Photo: Islands in Rescue Bay
I had just returned from the Klemtu Band Store to the Klemtu fuel dock where Steve was filling the water tanks after taking on fuel. We hadn't yet decided whether we would anchor in Klemtu for the night or move on. So when Steve told me the fuel dock operator had told him a storm was on its way, the decision to move on to Rescue Bay was easy. Rescue Bay is only two hours away from Klemtu and is a better anchorage in a south wind. It's also a more attractive place to spend what could be two days at anchor.
By the time we arrived in Rescue Bay, rain was pelting the dodger and the wind was blowing. Two powerboats were anchored in the bay with room for several more boats. We picked a spot near the south shore where it was most sheltered and prepared for the next day to be a day of rest.
But when we awoke in the morning, the seas were glassy smooth and the skies only lightly overcast. One of the two powerboats, a green boat named Zucchini
stopped by to tell us the storm had been delayed and they were going on.
Going on for us meant going through Perceval Narrows and we'd already missed the tide. And the storm could arrive any time. We decided to stay.
While Steve puttered in the boat, fixing plumbing, I rowed the dinghy out to a group of islands at the cove entrance. The tide was out and I saw purple starfish and, a real prize -- a live abalone just sitting atop a rock. From the islands I could look all the way up the inlet to see an unbroken sheet of flat glassy water. Were we wasting time waiting for the storm when we could be traveling?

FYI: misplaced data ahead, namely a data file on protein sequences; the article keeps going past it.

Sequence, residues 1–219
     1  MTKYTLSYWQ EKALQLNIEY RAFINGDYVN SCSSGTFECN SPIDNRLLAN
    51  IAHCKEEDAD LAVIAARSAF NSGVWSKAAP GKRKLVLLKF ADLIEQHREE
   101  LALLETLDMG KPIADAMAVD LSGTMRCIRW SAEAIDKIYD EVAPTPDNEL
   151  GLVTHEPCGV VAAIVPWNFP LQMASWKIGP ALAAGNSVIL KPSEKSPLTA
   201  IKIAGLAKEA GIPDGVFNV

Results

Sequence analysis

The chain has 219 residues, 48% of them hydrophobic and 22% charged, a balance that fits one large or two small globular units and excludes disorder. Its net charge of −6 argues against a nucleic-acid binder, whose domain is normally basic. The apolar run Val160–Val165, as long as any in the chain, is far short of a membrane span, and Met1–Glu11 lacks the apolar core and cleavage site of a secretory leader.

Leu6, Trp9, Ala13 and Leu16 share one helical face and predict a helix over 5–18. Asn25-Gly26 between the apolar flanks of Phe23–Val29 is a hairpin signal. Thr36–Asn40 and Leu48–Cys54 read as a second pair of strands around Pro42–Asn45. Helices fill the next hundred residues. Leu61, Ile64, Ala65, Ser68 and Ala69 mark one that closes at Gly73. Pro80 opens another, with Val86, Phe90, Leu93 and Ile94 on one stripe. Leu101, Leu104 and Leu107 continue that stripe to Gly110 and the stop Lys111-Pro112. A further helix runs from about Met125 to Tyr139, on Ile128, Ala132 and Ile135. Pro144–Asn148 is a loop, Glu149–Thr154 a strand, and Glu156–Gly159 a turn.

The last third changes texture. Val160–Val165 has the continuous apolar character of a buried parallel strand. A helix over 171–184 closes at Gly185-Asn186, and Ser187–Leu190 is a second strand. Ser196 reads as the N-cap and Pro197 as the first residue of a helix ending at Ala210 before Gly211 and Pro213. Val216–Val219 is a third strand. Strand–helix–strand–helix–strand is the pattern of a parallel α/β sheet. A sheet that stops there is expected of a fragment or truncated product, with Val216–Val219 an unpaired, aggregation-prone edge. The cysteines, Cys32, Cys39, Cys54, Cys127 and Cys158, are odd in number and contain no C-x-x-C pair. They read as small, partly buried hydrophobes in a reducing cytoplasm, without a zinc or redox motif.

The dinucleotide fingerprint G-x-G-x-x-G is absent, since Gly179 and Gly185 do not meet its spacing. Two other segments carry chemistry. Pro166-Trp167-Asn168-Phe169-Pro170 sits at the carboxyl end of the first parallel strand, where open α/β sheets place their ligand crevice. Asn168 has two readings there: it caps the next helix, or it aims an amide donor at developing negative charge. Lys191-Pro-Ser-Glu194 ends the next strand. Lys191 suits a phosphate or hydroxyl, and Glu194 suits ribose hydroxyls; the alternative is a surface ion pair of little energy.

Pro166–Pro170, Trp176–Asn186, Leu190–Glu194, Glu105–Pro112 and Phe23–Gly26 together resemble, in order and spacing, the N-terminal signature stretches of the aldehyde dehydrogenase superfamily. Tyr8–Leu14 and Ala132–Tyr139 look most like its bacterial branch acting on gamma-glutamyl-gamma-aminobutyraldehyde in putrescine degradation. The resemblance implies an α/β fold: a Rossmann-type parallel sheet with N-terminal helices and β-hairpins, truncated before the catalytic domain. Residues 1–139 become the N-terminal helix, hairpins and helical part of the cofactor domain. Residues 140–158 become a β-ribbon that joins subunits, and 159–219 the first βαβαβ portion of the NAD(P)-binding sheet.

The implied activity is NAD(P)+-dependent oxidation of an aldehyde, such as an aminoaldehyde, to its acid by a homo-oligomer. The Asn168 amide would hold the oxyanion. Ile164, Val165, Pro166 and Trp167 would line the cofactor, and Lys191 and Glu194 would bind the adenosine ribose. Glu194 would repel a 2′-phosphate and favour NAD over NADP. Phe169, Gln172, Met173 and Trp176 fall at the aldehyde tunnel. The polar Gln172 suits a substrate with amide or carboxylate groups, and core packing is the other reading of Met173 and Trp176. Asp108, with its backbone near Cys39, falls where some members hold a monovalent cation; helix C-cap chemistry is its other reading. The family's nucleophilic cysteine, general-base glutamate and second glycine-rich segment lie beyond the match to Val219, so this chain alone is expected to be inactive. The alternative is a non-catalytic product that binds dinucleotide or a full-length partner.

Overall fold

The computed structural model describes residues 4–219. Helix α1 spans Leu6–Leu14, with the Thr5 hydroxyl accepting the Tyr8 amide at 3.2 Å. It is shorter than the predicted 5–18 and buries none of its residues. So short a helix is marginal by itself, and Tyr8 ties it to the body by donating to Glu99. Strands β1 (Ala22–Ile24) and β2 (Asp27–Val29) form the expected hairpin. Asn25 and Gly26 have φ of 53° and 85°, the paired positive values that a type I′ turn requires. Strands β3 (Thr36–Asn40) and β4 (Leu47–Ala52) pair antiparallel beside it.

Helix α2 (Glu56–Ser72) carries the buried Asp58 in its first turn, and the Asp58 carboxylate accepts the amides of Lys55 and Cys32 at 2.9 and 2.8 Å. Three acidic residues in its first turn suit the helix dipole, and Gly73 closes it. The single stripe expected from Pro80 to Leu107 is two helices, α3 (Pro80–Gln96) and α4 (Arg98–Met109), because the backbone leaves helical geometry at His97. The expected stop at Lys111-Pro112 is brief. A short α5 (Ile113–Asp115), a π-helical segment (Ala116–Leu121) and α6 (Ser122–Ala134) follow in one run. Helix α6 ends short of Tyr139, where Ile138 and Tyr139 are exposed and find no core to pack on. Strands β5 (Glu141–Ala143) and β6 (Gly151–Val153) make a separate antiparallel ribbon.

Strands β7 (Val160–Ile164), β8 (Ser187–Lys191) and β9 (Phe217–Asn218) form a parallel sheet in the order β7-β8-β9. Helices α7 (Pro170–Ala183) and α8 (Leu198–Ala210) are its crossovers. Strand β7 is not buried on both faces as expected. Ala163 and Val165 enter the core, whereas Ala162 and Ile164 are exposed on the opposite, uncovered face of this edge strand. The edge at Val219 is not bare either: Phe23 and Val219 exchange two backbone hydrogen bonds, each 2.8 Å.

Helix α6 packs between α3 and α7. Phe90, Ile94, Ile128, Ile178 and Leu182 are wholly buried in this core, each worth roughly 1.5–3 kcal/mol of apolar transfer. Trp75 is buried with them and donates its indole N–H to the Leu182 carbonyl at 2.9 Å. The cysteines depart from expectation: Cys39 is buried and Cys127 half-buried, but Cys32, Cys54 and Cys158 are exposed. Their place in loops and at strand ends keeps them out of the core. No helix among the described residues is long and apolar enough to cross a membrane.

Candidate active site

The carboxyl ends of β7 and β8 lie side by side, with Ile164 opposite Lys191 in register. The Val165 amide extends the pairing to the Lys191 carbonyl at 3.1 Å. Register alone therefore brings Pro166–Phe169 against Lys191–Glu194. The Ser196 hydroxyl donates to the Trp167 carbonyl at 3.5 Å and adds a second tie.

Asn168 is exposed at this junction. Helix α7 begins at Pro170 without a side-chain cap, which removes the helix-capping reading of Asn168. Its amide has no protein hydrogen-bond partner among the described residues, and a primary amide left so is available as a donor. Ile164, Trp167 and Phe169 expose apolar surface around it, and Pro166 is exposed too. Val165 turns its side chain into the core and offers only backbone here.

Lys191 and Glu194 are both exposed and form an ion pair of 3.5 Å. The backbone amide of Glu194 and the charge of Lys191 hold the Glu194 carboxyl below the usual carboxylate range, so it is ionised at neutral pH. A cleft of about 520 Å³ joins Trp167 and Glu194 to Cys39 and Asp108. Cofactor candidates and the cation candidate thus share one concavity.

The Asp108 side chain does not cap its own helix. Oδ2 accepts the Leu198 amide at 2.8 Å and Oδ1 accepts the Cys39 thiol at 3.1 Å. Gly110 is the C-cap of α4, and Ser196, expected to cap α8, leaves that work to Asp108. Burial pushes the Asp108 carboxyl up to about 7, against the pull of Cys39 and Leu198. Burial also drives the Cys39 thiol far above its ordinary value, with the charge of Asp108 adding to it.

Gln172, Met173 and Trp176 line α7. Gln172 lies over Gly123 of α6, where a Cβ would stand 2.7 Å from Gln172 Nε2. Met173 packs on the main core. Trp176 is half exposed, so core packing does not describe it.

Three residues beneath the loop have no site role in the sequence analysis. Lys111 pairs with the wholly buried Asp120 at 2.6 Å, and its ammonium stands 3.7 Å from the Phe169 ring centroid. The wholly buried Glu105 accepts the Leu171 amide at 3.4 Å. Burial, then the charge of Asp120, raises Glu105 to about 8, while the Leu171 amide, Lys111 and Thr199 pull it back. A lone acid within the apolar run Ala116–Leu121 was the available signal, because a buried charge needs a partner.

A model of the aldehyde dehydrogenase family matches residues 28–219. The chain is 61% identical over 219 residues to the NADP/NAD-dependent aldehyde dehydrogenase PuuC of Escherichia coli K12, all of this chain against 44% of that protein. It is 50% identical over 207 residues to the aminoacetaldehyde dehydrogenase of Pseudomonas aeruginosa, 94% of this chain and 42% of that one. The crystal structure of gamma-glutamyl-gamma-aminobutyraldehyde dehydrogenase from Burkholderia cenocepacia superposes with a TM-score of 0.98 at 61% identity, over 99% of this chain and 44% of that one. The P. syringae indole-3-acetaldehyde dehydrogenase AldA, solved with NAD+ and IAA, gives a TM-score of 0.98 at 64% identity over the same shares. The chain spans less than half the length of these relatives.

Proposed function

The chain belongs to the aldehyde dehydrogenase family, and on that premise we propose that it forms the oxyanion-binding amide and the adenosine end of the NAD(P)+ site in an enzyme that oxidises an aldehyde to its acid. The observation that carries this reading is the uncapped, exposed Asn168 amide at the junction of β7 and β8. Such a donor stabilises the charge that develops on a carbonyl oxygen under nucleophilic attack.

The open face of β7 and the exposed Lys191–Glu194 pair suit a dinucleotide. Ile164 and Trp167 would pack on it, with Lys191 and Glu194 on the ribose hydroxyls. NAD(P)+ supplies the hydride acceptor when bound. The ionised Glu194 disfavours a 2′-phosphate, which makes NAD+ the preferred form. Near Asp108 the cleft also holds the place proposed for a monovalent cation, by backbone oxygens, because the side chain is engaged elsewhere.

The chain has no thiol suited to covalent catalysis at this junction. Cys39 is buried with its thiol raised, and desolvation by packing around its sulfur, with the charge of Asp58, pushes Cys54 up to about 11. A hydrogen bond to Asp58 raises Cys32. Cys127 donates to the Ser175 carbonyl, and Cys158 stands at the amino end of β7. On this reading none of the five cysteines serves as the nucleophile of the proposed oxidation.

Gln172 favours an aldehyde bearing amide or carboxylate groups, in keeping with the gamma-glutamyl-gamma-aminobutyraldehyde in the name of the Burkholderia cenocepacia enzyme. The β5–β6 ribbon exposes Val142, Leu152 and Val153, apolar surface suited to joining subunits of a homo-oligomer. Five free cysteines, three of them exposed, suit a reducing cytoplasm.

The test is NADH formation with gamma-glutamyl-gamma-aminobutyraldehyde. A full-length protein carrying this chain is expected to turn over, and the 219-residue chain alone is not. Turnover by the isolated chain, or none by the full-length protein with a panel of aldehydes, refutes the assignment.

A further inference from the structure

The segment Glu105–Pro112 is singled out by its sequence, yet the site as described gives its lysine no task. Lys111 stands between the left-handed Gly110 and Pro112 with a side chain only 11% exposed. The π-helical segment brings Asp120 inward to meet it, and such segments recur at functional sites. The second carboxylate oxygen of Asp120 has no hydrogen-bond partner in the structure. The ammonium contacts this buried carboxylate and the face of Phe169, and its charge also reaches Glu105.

Back at the boat, Steve was finishing up his plumbing. "What about the next tide? Could we catch that?" I asked. A quick check of the tide tables told us if we left right away, we could catch the next slack at Perceval Narrows. In minutes we had the anchor up and were underway, motoring down Mathiesen Channel to Perceval Narrows which was still ebbing, giving us a small push. As we crossed from the Narrows to Reid Passage, we could see out towards Seaforth Channel. Waves crashed on rocks sending up plumes of white spray. For the first time I believed there could really be a storm.
We entered protected and narrow Reid Passage as rain began to fall and gusts skitter across the water. Oliver Cove Marine Park, a small cove just big enough for two boats was just a short distance away. Another sailboat was anchored close to shore so we anchored farther out. We had traveled 17 miles in just under three hours and hadn't had to brave the storm.
Photo: Osprey anchored in Oliver Cove.
The next morning the rain had turned to mist and the wind slacked. We raised anchor and exited Reid Passage to enter Seaforth Channel where a brisk wind was going up channel, our direction. We rolled out the jib and sailed all the way to Shearwater Marina.
Note: This was not the first, or the last time, we have waited for a storm that arrived after the forecast time. Sometimes they have not been as severe as forecast. One possible reason for this is that we are sailing in the inland channels while the forecasts are done for the outer coast. This is particularly true for Queen Charlotte Sound and the Central Coast (where we were at this time). Some of the channels are separated from the coast by multiple mountain ranges.
To see the area I'm writing about search google maps for klemtu and expand out until you see Bella Bella near the bottom right which is near Shearwater. Google maps simply doesn't show all the places I talk about.